Derry’s Magee campus of the University of Ulster is to be at the heart of the city’s year as culture capital, University bosses have said.
Professor Deirdre Heenan, Provost of the Magee campus says the University is delighted to be such an integral part of the 2013 celebrations.
“This is an enormously exciting time for the city, and the University of Ulster is delighted to participate in this momentous celebration. I congratulate the organisers on bringing together such a diverse and dynamic programme of events and look forward to the exciting opportunities that 2013 will bring.”
The Derry campus will host the International Conference on Music, Technology and Disability, the Media, Communication, and Cultural Studies Association (MeCCSA) Annual Conference, an International Summer School, the City of Derry Choral Festival and the Ulster GAA Historical Symposium during 2013 City of Culture year.
It will also host the first Ulster Festival of Creative Arts –a showcase of work from Dance, Drama, Music, Design and Creative Technologies’ students which will run alongside a programme of talks, recitals, screenings and performances by guest artists.
Staff and students from across the university’s campuses will be involved in many of the innovative events that form what is the largest cultural programme ever assembled on the island of Ireland.
UNSEEN will be a major exhibition of photographic and video works by double Turner Prize nominee Willie Doherty, Professor of Video Art at the Belfast campus. Professor Doherty has recorded the way in which Derry city has been shaped and altered in response to unfolding political events.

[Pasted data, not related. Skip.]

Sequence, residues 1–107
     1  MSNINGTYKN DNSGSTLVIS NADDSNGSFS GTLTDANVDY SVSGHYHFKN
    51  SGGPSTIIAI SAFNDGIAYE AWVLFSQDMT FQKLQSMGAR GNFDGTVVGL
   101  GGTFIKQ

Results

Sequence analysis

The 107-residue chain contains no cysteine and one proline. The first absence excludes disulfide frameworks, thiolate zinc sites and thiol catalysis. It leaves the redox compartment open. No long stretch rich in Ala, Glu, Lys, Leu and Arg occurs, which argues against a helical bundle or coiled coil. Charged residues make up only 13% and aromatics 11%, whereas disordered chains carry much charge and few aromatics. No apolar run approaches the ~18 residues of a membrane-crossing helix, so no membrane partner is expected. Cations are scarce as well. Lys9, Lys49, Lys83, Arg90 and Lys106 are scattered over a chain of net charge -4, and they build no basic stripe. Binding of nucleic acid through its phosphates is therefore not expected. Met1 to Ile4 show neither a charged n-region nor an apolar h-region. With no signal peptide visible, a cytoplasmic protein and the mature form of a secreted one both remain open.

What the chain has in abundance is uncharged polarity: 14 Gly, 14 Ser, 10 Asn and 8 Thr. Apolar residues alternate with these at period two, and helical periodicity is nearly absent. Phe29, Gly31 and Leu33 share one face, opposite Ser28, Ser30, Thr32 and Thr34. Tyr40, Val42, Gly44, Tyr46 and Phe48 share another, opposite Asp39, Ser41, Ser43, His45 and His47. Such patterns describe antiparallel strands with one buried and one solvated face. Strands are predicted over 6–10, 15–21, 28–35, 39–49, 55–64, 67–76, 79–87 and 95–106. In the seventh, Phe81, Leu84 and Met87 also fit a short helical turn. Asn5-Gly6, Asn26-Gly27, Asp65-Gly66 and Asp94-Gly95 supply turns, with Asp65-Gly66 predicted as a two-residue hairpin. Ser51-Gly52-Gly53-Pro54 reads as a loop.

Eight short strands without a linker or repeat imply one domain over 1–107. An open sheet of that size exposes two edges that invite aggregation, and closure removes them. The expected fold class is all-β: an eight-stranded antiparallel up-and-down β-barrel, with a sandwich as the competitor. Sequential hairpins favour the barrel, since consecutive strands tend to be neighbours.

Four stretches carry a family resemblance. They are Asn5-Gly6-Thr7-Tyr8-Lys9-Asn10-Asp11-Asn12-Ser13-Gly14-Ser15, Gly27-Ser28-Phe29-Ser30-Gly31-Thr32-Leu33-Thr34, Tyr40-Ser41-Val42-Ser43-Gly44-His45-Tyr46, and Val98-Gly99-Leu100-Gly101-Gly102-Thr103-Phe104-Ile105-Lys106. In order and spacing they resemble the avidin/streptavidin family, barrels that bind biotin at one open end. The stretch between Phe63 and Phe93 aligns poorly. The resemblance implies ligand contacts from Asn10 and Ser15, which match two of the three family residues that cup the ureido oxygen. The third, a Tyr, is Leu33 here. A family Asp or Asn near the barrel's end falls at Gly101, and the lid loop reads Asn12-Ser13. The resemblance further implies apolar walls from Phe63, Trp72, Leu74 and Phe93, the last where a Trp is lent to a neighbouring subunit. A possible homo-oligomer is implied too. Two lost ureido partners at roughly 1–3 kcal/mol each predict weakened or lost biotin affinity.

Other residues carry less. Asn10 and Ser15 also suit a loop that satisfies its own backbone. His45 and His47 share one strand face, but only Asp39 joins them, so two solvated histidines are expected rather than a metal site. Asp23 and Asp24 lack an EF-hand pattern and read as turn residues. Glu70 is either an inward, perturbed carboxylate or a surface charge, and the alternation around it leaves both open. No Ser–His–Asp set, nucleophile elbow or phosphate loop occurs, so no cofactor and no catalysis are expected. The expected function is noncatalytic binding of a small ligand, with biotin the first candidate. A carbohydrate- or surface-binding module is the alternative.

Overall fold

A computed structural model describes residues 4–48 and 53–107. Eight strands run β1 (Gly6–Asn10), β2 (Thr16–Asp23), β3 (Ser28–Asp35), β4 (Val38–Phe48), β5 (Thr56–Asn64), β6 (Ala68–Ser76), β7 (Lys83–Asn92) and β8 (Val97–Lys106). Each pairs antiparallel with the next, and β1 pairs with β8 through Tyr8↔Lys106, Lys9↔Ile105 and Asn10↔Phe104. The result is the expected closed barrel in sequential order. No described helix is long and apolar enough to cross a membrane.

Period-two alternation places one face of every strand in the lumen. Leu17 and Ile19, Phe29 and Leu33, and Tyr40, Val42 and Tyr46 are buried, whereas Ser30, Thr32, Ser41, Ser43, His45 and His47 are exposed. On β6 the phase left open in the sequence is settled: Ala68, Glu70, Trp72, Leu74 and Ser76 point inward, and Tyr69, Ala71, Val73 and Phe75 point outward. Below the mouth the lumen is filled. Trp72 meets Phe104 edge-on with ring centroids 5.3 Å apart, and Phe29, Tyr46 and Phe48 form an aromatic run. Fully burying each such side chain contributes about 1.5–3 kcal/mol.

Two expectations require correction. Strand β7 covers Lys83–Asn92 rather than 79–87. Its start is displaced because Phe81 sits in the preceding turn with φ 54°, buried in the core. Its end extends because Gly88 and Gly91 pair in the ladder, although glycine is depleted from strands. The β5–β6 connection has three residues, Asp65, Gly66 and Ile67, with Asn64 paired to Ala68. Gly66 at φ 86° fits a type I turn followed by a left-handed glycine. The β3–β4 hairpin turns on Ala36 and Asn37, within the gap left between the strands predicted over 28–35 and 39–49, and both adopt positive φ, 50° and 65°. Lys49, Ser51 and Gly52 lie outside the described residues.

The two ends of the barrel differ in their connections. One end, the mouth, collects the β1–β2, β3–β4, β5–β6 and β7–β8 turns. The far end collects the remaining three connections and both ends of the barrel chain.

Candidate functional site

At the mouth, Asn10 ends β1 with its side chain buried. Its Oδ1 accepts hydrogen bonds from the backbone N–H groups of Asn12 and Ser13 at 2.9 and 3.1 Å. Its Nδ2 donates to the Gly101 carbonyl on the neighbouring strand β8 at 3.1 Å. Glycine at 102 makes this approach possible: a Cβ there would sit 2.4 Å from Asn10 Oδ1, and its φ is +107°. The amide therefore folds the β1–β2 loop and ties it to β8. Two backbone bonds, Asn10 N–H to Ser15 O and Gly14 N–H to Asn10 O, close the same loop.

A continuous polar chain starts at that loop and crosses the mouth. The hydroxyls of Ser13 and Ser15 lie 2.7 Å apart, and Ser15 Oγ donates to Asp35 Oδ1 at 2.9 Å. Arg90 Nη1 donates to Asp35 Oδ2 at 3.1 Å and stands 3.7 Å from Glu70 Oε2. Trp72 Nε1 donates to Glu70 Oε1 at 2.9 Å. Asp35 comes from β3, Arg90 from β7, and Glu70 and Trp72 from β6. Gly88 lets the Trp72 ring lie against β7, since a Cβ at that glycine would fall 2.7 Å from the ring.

The exhibition will showcase some of Professor Doherty’s most important installations including Re-Run, 2002, for which he was shortlisted for the Turner Prize in 2003 and Non-Specific Threat, 2004, which was shown to critical acclaim at the Venice Biennale in 2007.
‘The River Still Sings’, a new work by Professor Frank Lyons, supported by sound and video art by Professor Paul Moore, both from the School of Creative Arts, will be premiered in June. The piece sets a new text by poet Seamus Deane and reflects the continuing importance of the river to Derry.
‘Columba Canticles’, a new oratorio commissioned to mark the association between St Columb’s Cathedral, Derry’s most historic building, and the saint, will be composed by Dr Laurence Roman and performed by the University of Ulster choir, under the direction of Dr Shaun Ryan.
‘Fulgurite Chamber’, an audio-visual performance installation incorporating multi-channel sound, neon light sculpture and live quarter-tone bass flute, has been composed by Ulster music lecturer, Adam Melvin in collaboration with his brother, Mercury Music Prize winning artist Mark Melvin.
‘Stories of the Sea as a Supernatural Phenomenon’ will form the basis of an exhibition and public seminar by researchers from the School of Irish Language and Literature. The research team have collated the stories of the supernatural events and stories connected to the sea in English, Irish and Scottish Gaelic.